HOW COVID-19 HAS AFFECTED UGANDA’S ECONOMY & WHAT GOVT MUST DO TO AVOID DIRE CONSEQUENCES IN POST-COVID PERIOD
By Mulengera Reporter
The current Covid19 pandemic and its accompanying preventive measures have dealt a blow to most countries’ economies, Uganda’s inclusive. But explaining what effects the restrictions instituted to prevent or minimize the spread of the viral respiratory disease until a vaccine or treatment is approved for use has largely focused on the negative impact the pandemic will have on economic activity, revenue streams and lockdowns.
However, Prof Augustus Nuwagaba, a seasoned international consultant on Africa’s economic transformation, argues that the debate on the impact of Covid on Uganda must probe the four economic fundamentals – Interest Rates, Trade Balance, Inflation and Gross Domestic Product (GDP) – since these “determine not only the capacity of a people to engage in economic activity, but they define the actual store of real time value of money.” He adds that those seeking to help the economy from further seeking in the post-Covid period must plug the holes the pandemic and its restrictive measures have left on these fundamentals.
Prof Nuwagaba argues that loan repayment will be one of the major crises in the business sector post-Covid, especially given the high interest rates Ugandans companies and individuals have to endure compared to their counterparts in the region and other countries elsewhere.
At an average of 20 per cent, Uganda’s interest rate regime is one of the highest, higher than South Africa’s 10.25 per cent, Kenya’s 12.3 per cent, Tanzania’s 12 per cent, China’s 3.8 per cent, United Kingdom’s 1.1 per cent and USA’s 0.25 per cent.
The Professor is worried that with the lockdown seeing businesses closed for months now, most people could have “eaten up the operating capital” and not even the Bank of Uganda freeze on loan repayment might help because of the “already abnormally high” interest rates that will, consequently, kill many SMEs and make other businesses enterprises less competitive.
“It is going to be an uphill task for borrowers to meet loan obligations both during and after Covid19 period,” predicts Nuwagaba.
In all the four fundamentals, Uganda will endure her worst beating on the trade balance front, the professor further projects. Trade balance is simply the difference between money earned from exports (receipts) and that spent on imports (invoices).
With Uganda’s trade balance at a deficit of $3.7bn (given that tourism earns the country, $1.5bn, Diaspora remittances $ 1.4bn and exports $4.1bn, yet she imports goods worth $7.8bn annually), the economy will suffer more severely because restrictions on air travel, border crossings and hotel operations will affect the key areas from which Uganda earns a lot, especially tourism.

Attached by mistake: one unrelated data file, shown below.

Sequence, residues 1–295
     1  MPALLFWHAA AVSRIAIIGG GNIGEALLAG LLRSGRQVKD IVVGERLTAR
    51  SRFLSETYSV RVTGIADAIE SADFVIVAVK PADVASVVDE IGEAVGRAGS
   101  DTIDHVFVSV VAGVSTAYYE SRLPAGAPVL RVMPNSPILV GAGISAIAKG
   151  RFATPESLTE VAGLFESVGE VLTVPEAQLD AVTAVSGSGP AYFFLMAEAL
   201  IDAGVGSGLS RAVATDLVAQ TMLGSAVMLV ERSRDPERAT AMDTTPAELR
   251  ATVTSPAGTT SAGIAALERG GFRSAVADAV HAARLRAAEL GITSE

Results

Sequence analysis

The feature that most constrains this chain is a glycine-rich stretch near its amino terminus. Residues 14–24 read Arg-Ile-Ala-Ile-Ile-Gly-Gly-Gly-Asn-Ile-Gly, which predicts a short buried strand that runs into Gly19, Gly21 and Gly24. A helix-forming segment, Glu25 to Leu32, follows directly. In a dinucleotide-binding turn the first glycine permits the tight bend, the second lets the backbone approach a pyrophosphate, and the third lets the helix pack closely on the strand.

Nuwagaba hopes that if Covid19 is defeated soonest and lockdowns lifted, Uganda’s tourism sector could recover with time, but advises that more be done to promote domestic tourism.
“It is only our hope that the corona virus will subside quickly and tourism will rebound. Uganda has been outstanding in managing the COVID-19 pandemic and it is envisaged that the tourism sector will suffer in the immediate, but in the short and medium term, the sector should catch up,” predicts Nuwagaba.
He also advises government to “embark on import substitution, boost local production and cure “the cancer of importation” in its bid to balance its trade position.
The Professor observes that while there hasn’t been a considerable rise in prices – largely because lockdown measures like business shutdown have left people with little or no disposable income – farmers have suffered low prices for their goods, with the price of a tray of eggs falling from Shs12,000 in January 2020 to Shs 7,000 in May, and the price of a litre of milk plummeting from Shs1,200 to Shs300, something that has meant losses for farmers, and could discourage those interested in investing in agriculture.
According to the international consultant, technically speaking, Uganda has not experienced a recession but the situation on ground – job losses, failure for people to meet their basic needs, etc. – clearly shows that Covid19 has thrown the country into an economic slump.
Nuwagaba explains that technically, a recession means that a country’s GDP has suffered two successive quarters of negative growth, and therefore, with Uganda’s growth rate projection revised downwards from 6.2 per cent to 3.0 per cent, economic experts wouldn’t term Uganda’s current situation as that of a recession. But for socio-economic transformation analysts, technical definitions, it seems, wouldn’t matter.
Moving forward, Prof Nuwagaba thinks that “Uganda will be better if she adopts an import substitution strategy and cures the “cancer” of importation;” prioritizes the agricultural sector because it is “abundantly clear” that it has “shock-absorbed Uganda” during the Covid crisis; and focuses on an “economic stimulus that can make the economy rebound as quickly as possible.”
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